The 15,000-plus-square foot Champions Training Complex is headed into its second full season of use. It has all custom-built equipment, platforms and weights. Included are 24 Powerlift workstations, 12 Olympic-style lifting platforms and more than 50 weight machines.

Additionally, Florida State boasts a top-notch speed training room, and also an aquatic facility to improve strength and agility.

HONORABLE MENTION: Merryman Center, Virginia Tech - Virginia Tech finished this $10.6 million all-purpose facility in 1997. The weight-training facility on the first floor has the school prepared to compete in the new ACC.

PLAYERS' FACILITIES

Wendell H. Murphy Football Center, North Carolina State: Once Chuck Amato got the Wolfpack's on-field product shaped up, he went to work on the school's off-field offerings.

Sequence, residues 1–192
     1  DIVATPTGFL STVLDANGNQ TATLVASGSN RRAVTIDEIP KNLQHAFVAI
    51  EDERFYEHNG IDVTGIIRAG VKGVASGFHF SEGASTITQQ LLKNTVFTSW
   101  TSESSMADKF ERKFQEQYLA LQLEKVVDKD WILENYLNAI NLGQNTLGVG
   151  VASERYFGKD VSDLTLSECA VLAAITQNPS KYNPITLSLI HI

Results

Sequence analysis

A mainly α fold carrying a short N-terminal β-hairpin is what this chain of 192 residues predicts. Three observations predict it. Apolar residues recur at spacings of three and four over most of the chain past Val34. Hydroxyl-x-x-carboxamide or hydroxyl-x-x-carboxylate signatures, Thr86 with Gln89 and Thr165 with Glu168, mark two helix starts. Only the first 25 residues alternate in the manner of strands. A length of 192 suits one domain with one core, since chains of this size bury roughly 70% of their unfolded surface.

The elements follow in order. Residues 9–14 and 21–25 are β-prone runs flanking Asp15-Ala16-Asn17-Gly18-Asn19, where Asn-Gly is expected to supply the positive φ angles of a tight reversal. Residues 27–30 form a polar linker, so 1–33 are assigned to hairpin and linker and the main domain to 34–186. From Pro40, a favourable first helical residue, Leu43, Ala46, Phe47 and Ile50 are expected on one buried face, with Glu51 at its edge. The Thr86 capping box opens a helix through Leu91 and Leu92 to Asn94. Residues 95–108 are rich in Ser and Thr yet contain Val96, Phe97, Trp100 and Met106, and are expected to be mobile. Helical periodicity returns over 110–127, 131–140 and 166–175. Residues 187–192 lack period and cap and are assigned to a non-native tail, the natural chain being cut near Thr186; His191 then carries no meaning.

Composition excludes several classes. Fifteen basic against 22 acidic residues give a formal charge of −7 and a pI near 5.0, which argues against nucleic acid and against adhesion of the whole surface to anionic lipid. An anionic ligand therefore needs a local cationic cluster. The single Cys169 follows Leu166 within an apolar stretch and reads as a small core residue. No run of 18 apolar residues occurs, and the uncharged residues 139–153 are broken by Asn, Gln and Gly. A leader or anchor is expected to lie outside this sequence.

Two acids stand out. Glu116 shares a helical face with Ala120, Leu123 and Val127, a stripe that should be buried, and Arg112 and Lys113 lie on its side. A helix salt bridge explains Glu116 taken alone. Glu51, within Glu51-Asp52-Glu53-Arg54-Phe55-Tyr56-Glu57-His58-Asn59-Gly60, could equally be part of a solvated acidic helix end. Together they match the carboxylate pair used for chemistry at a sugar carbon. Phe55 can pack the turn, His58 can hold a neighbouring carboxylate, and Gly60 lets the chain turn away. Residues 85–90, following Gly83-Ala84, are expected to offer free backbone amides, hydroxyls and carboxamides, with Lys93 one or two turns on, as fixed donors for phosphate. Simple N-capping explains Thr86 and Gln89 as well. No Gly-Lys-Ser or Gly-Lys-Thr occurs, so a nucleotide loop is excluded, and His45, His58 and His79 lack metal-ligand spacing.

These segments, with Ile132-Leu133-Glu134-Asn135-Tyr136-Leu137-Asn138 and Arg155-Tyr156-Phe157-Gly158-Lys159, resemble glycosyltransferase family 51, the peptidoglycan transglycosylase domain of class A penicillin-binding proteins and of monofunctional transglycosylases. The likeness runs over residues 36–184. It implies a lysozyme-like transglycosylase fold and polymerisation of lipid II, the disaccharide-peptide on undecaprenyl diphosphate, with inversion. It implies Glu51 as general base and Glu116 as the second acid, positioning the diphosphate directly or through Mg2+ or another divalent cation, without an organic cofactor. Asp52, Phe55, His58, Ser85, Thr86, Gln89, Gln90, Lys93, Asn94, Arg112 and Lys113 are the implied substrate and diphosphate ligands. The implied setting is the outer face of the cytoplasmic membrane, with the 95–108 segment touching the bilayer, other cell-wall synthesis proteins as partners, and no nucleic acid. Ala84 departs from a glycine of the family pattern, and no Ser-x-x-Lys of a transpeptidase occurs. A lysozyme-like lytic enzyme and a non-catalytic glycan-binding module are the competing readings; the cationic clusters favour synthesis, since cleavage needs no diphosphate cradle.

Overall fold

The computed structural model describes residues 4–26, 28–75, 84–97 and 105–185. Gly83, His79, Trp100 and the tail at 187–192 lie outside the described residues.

The 103,254-square foot Murphy Center - just beyond Carter-Finley's east end zone - is the largest operations facility in the country devoted solely to football.

Sports Illustrated's Peter King said if an NFL team used the Murphy Center, it'd be one of the three nicest facilities in the league. Players like the ping-pong tables, wide screen TVs and video games on the third floor. Amato likes the racquetball court he made sure was included.

HONORABLE MENTION: Gossett Team House, Maryland - Ralph Friedgen is big on off-the-field university improvements, and the Gossett Team House is a big step in facility upgrading. The final two phases of the structure were recently completed. A centerpiece is the new 3,500-square foot auditorium, equipped with vast amounts of state-of-the-art presentation devices for meetings.

MEMORIAL STADIUM